The method of measuring the temperature of a selected sub-surface volume of a body according to the invention comprises placing at least two probes A and B near or in contact with a surface of the body to pick up thermal noise signals in the microwave range emitted by a volume of the body associated respectively with each probe. The probes are positioned ajacent one another so that the volumes of the body from which the respective probes receive thermal noise signals in the microwave range overlap one another to provide a common volume part Vi from which both of the probles receive thermal noise signals in the microwave range and remaining volume parts Va and Vb from which only the individual probes A and B respectively receive thermal noise signals in the microwave range. The signals received by the two probes are amplified and are correlated so that thermal noise signals in the microwave range emitted by the common volume part Vi are correlated while thermal noise signals in the microwave range emitted by the remaining volume parts Va and Vb are decorrelated so that thermal noise signals in the microwave range emitted by the common volume Vi are made preponderant by correlation with respect to the thermal noise signals in the microwave range emitted by the remaining volume parts Va and Vb from which the probes A and B respectively receive thermal noise signals in the microwave range.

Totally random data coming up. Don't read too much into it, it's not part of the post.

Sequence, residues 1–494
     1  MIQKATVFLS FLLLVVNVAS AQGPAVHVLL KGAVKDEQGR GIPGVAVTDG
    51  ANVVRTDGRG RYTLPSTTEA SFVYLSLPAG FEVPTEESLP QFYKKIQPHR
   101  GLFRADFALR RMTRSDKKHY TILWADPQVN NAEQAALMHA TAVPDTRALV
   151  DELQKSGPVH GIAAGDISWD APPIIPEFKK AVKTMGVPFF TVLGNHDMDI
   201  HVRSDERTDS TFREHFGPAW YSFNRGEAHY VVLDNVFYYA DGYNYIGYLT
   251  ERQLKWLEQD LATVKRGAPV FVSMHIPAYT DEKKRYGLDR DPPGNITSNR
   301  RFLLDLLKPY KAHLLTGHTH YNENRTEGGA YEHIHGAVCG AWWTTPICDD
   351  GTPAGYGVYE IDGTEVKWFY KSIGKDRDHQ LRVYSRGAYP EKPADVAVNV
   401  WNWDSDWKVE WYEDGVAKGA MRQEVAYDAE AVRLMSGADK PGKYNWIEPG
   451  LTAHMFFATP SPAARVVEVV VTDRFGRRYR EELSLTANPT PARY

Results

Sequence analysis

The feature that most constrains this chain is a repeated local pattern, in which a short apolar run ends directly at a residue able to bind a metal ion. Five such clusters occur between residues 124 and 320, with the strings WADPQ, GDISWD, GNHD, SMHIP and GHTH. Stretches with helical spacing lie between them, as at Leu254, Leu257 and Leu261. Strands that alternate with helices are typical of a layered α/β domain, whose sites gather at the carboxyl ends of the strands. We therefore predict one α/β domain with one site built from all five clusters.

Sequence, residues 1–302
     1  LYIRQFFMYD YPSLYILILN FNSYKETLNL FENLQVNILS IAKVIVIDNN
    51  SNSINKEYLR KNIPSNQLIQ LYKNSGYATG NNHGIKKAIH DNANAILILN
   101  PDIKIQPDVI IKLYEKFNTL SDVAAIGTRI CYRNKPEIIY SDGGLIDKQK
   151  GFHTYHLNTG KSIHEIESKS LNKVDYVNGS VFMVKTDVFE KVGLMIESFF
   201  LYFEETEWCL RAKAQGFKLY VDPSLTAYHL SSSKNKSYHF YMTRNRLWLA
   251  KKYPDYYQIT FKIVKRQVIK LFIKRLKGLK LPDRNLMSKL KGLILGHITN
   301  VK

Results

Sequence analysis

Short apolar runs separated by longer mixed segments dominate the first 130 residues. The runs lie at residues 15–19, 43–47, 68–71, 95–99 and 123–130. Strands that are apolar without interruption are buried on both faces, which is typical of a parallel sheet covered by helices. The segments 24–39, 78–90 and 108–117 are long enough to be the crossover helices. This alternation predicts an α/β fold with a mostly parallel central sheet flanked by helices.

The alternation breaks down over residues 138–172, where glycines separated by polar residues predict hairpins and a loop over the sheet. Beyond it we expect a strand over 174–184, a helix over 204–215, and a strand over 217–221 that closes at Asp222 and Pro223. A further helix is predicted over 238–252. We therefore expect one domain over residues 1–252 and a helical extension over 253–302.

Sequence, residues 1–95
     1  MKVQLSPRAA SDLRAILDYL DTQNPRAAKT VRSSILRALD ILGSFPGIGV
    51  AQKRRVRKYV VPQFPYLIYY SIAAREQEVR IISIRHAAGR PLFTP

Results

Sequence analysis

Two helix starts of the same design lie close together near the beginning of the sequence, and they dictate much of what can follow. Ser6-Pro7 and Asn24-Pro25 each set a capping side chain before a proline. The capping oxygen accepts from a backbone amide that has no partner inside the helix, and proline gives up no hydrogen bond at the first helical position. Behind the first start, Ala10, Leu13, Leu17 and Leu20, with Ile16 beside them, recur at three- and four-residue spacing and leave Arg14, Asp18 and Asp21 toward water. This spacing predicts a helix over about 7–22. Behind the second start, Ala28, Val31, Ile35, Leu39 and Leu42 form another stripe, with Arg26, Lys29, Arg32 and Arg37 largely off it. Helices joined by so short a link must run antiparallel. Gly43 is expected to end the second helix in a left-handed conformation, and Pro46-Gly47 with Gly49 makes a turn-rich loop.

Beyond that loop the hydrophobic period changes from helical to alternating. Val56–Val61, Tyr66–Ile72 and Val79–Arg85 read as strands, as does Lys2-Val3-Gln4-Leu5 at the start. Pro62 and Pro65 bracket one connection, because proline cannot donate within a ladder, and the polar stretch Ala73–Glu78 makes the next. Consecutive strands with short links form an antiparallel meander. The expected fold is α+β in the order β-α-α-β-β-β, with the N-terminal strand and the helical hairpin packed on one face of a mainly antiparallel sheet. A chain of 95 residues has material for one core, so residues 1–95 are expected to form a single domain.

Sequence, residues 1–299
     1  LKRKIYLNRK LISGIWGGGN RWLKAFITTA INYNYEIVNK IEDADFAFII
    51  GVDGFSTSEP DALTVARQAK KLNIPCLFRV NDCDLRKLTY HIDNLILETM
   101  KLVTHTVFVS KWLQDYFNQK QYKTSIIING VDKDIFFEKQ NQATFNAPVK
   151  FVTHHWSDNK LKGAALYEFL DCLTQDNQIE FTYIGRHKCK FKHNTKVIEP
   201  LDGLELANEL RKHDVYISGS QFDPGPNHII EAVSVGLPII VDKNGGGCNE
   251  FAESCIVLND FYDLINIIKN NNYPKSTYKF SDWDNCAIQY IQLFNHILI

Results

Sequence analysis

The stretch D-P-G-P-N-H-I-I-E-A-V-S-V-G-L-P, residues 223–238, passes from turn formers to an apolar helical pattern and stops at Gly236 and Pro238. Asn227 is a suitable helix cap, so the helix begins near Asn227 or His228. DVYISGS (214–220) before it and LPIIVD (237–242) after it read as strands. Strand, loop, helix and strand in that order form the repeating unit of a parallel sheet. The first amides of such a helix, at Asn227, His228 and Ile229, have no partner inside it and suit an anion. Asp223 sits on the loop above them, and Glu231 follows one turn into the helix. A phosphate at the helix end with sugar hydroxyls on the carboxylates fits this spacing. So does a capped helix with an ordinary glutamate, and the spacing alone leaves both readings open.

Apparatus in accordance with the invention for measuring the temperature of a selected sub-surface volume of a body comprises at least two probes A and B adapted to be placed on or near the surface of such body to pick up thermal noise signals in the microwave range emitted by the body. The two probes are positioned adjacent one another so that the volumes of the body from which the respective probes receive thermal noise signals in the microwave range overlap one another to provide a common volume part Vi from which both of the probes receive thermal noise signals in the microwave range and remaining volume parts Va and Vb from which only probes A and B respectively receive thermal noise signals in the microwave range. The apparatus further comprises means for amplifying and correlating signals from the probes to correlate thermal noise signals in the microwave range received from the common volume part Vi while decorrelating thermal noise signals in the microwave range received from the remaining volume parts Va and Vb so as to accentuate the thermal noise signals in the microwave range emitted by the common volume part Vi with respect to the thermal noise signals in the microwave range emitted by the remaining volume parts Va and Vb from which the probes receive thermal noise signals in the microwave range.